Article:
Crazy Rome

Walked to the Pantheon recently. Rome does a lousy job of signage – there isn’t any, and in the labyrinth of unmarked streets, there were scores of bewildered tourists staring at inadequate maps or trying to get Google Maps Voice to be helpful, which it wasn’t.
Then it started to rain and wife was tired and the swell of people was incredible. After ten tries, I managed to flag an empty taxi.
For the next twenty some minutes sudden death seemed imminent. Harrowing is an understatement. Tony the Terror was our driver. He was about thirty, with a mop of untidy black hair, wore wild sunglasses on the end of his Roman nose, and gesticulated twice for every word out of his mouth.
His English was poor but he had “shit” and “crazy” down pat.. He was mad at the police because they closed a major thoroughfare for ten hours after a metropolitan bus caught on fire in the morning. “No one died,” Tony yelled at no one in particular. “Close for ten hours. Shit.”
He pulled up next to a female cop directing traffic and I thought he knew her and was exchanging pleasantries. No, he gave her hell based on his body language and her reddening face. Before she could react, we were off.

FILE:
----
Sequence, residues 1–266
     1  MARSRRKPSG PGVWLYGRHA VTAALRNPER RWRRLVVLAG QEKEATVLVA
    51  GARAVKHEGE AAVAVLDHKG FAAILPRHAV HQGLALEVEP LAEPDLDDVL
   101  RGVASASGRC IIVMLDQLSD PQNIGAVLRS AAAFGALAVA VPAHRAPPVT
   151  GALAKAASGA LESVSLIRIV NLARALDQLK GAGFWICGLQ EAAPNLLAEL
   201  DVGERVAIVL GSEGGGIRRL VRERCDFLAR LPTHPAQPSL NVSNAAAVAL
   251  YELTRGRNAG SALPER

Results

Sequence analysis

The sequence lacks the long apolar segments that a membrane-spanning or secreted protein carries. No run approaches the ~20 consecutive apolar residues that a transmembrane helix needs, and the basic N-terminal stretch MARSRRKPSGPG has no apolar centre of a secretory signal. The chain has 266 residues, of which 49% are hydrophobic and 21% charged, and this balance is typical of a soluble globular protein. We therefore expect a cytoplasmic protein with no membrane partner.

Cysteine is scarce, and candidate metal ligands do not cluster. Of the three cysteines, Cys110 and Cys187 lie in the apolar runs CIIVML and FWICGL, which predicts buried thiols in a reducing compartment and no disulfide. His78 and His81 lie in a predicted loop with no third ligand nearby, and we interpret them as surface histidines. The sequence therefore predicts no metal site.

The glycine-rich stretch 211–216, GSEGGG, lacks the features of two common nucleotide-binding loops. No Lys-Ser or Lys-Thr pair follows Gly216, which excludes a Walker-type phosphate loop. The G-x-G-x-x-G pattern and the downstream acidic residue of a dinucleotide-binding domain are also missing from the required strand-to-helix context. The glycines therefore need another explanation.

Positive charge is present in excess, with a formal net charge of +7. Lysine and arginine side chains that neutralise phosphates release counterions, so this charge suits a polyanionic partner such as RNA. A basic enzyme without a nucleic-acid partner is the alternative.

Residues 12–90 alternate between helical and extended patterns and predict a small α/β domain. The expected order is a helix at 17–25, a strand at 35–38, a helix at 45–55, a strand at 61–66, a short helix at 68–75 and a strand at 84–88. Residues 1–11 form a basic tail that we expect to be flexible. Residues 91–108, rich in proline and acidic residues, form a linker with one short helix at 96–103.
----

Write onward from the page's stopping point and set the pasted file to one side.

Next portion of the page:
The street was gridlock the direction we were headed. “Shit.” Tony swerved into the oncoming traffic lane and cut back in before the stoplight while cutting off other cars who laid on their horns. “Crazy, no police, I looked,” Tony, said gleefully.
He didn’t stop there, block after block, we sped in wrong way lanes, oncoming traffic gliding inches from our vehicle. I had the sudden premonition the cops might mistake us for terrorists looking to mow down pedestrians and take us out with a volley of machine gun fire.
Our hotel was nearing but it was on a one way street. Tony cut across three lanes of oncoming traffic into an alley so he wouldn’t have to circle the block. “Shit, wrong street,” he said. But instead of pulling into the alley and turning around, he backed up and headed for the next side street except we were on curb side of three lanes of oncoming traffic. That’s when wife put her head between her knees and braced for impact. Cars flew by, pedestrians ran towards shop doors, horns blared from every direction. Shit indeed.
Miraculously, we made it back to the St. Regis.
I paid Tony the Terror extra, either out of appreciation of the thrill, or gratitude we were still breathing, albeit, in labored gasps. He said the trip was about forty minutes but he had made it in twenty-eight. “Sorry,” he said, “I should make in twenty-six. Shit.” Crazy.

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